Welsh cyclist Geraint Thomas says he would jump at the chance of signing for Sky's new cycling team and British Cycling's performance manager Shane Sutton has revealed he is in the running.
According to a story in Wales on Sunday, the cycling star, who is recovering from a crash in Italy, is the first name on a list of stars being lined up to join the multi-million pound project, aimed at winning the Tour de France.
British Cycling principal Dave Brailsford returned from last weekend’s world track championships in Poland with the Team Sky road team his top priority for the summer.
As well as striking gold in Beijing last summer, Thomas was the youngest rider to complete the Tour de France two years ago, and also completed last year's Tour of Italy.
In the article, Sutton says of Thomas: “He has all the attributes needed to be a competitive rider on the road. It just needs good coaching to get him there.
“Geraint can drag himself over the climbs and is good tactically. He’s also fast against the clock so has the speed to win on his own. So, yes, he would definitely be the first guy on our team sheet."
The Independent picks up on our story about London design duo Amy Fleuriot and Sarah Buck, who have launched a new range of women's cycling accessories in Top Shop. The launch is well-timed to take advantage of the surge in women cycling thanks, in part, to a number of high profile initiatives, including the launch of Sustrans' www.bikebelles.org.uk website. Read about the Cyclodelic range here.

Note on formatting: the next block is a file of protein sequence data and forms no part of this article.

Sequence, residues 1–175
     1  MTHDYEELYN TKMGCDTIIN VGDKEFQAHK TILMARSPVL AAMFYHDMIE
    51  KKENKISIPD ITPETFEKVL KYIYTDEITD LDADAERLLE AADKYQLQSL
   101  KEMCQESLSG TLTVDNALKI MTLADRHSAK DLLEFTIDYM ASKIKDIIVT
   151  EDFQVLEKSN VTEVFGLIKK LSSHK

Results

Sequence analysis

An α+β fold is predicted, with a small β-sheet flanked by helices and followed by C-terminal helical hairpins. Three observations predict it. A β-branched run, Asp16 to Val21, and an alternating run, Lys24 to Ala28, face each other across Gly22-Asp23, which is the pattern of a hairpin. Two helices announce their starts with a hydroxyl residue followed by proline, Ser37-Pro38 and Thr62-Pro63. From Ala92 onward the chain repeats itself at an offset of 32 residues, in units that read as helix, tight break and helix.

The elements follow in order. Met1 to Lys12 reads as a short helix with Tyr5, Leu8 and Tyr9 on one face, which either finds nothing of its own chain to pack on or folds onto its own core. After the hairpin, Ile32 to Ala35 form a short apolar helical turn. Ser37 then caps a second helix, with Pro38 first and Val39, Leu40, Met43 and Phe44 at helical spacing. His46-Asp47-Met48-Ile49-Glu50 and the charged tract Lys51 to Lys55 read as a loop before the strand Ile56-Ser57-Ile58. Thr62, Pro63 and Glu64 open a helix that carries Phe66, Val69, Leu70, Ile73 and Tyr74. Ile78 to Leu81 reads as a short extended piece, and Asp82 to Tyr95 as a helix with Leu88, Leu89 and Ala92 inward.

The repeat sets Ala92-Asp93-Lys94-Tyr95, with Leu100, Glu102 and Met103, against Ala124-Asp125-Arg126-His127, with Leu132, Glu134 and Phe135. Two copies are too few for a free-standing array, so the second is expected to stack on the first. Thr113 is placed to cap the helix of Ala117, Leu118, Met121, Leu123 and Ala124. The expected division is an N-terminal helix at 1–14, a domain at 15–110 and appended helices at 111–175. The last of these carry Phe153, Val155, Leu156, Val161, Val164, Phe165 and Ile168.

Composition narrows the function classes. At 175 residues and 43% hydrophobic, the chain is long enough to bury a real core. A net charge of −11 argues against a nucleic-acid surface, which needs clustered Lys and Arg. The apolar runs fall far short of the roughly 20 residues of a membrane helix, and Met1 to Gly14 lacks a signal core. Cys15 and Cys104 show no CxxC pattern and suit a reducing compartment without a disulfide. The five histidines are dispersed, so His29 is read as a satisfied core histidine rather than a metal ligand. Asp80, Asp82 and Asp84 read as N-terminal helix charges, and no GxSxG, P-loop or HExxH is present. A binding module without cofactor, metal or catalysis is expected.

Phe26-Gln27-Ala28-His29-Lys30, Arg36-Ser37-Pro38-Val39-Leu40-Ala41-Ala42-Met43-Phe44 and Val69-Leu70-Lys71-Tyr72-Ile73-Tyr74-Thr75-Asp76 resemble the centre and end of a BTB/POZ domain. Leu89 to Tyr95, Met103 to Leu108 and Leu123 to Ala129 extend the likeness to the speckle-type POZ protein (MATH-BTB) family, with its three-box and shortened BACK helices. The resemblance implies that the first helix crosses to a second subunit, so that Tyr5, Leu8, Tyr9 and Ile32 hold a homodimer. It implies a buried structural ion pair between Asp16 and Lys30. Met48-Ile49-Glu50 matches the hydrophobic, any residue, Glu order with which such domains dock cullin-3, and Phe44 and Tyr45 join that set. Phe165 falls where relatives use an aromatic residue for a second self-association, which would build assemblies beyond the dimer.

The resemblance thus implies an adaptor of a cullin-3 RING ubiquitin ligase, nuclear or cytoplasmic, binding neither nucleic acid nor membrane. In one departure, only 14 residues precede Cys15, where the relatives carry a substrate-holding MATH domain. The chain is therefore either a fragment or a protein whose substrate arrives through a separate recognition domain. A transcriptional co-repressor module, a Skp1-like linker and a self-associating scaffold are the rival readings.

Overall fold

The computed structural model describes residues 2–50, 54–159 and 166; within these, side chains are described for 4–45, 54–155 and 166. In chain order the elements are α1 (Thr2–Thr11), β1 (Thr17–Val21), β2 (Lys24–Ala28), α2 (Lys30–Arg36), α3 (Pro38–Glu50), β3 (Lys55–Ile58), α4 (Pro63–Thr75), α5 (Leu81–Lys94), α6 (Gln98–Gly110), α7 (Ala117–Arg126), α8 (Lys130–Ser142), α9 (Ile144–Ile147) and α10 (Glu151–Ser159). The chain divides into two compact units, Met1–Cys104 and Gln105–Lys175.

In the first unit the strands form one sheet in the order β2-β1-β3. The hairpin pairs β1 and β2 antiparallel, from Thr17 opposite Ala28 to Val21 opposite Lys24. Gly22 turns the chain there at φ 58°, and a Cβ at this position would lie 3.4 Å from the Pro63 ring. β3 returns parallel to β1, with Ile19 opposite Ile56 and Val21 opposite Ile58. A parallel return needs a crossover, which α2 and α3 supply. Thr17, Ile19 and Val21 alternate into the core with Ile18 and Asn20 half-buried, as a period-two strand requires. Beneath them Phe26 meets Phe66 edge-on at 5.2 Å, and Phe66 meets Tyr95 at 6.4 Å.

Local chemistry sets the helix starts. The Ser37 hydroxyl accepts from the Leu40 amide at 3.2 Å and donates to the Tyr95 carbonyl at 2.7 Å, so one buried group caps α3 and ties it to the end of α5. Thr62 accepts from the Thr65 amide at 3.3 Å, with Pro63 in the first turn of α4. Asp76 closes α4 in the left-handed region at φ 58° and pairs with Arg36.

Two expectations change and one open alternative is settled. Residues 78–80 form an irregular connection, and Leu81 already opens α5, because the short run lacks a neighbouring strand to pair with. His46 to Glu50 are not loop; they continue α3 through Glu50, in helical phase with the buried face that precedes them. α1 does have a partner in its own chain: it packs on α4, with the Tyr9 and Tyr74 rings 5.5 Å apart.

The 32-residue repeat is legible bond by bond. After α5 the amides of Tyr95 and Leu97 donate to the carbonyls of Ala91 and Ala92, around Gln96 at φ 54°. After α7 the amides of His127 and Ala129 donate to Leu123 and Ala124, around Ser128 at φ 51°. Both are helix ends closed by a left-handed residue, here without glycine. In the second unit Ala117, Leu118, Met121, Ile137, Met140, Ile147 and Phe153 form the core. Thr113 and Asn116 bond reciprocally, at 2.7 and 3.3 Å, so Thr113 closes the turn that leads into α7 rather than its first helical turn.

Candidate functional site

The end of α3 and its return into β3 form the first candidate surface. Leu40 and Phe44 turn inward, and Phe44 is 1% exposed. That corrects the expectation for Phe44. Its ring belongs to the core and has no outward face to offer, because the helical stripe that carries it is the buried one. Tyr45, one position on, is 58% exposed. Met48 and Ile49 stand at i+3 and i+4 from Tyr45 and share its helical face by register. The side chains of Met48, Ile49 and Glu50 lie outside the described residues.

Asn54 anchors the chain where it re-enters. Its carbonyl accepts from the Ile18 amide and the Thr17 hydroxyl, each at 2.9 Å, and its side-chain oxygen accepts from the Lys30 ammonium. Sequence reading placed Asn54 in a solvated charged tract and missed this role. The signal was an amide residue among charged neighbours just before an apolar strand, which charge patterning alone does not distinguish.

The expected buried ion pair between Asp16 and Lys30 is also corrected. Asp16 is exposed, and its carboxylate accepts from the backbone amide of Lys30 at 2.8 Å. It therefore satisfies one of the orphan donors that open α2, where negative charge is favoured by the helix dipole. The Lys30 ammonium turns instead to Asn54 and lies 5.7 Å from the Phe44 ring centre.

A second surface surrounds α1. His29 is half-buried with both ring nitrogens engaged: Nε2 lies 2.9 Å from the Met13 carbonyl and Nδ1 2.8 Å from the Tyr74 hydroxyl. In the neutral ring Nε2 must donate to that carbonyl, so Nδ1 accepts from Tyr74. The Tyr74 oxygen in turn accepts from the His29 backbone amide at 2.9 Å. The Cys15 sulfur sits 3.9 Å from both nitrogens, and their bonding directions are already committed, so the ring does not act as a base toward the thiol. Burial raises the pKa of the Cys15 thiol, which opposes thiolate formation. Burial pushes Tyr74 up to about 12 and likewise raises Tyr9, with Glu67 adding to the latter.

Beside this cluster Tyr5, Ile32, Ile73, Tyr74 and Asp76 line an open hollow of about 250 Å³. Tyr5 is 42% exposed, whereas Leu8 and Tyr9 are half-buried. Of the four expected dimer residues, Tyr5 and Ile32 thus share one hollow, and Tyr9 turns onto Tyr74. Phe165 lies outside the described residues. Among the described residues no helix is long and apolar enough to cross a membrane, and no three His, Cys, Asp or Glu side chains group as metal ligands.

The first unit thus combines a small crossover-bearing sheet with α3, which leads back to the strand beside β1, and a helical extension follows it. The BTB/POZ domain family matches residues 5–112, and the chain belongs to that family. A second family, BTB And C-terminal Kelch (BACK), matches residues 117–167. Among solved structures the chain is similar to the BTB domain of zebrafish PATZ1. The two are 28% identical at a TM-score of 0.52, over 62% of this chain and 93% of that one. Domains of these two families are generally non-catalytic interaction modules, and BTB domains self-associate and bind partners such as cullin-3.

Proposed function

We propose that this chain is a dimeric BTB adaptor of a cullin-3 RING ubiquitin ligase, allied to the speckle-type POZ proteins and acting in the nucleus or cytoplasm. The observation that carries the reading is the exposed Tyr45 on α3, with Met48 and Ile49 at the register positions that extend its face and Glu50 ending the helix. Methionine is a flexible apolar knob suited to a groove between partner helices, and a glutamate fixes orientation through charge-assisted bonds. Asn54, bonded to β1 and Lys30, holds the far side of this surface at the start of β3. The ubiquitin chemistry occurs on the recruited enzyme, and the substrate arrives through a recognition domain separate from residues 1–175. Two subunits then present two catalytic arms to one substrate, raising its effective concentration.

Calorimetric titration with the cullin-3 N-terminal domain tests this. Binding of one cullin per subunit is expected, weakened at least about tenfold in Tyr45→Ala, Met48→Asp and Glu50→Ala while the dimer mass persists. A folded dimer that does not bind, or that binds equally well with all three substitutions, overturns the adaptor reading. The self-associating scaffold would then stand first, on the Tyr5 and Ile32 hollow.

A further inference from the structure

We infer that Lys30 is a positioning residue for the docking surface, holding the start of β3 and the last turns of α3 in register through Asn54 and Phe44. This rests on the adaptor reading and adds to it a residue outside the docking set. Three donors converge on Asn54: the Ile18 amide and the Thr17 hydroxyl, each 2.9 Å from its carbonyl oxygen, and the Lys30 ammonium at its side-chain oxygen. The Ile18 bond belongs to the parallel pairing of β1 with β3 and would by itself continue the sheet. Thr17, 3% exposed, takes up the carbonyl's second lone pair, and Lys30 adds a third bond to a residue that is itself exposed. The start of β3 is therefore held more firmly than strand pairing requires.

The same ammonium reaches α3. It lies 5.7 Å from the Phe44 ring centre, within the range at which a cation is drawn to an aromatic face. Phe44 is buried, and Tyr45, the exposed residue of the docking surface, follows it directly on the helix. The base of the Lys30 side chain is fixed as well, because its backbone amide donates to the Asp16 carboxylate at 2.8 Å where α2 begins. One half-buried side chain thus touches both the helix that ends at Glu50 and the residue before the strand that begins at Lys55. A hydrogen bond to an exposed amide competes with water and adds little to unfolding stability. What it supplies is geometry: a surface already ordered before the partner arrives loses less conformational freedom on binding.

A story in the Observer points towards a further boost in cycling's Olympics and recession-inspired popularity thanks to an increase in traffic-free routes.
The story lists new trails such as the 27-mile Lakeside Way, which runs around Kielder Water, the largest artificial lake in the UK, the final link of which was completed last week.
In Devon, Drake's Trail is a network of walking and cycling trails linking places related to the life of Sir Francis Drake, and Wat's Dyke Way, a 61-mile route along the Welsh-English border, is another new route for cyclists.
Political reporter John Knox has been reporting on Scottish devolution for the past ten years. Now he joins the ranks of long-distance-cyclists-with-a-purpose (a purpose other than simply cycling for fun and enjoyment, that is) by spending April pedalling from Gretna Green to John O'Groats asking people what difference devolution has made to their lives.
Meanwhile a story in the Midlands-based Sunday Mercury says comedian Dave Gorman, who is about to cycle across Britain on a stand-up comedy tour, has been told by his mum not to do it. "She's told me not to do it because I'll kill myself," says the comedian in the article.
It transpires this could be because of a few near misses Gorman has experienced while cycling around London. He says: “Once a very elderly man in a very grand car was so oblivious to me that I had my hands on his bonnet before he spotted me and stopped, though thankfully he was going very slowly."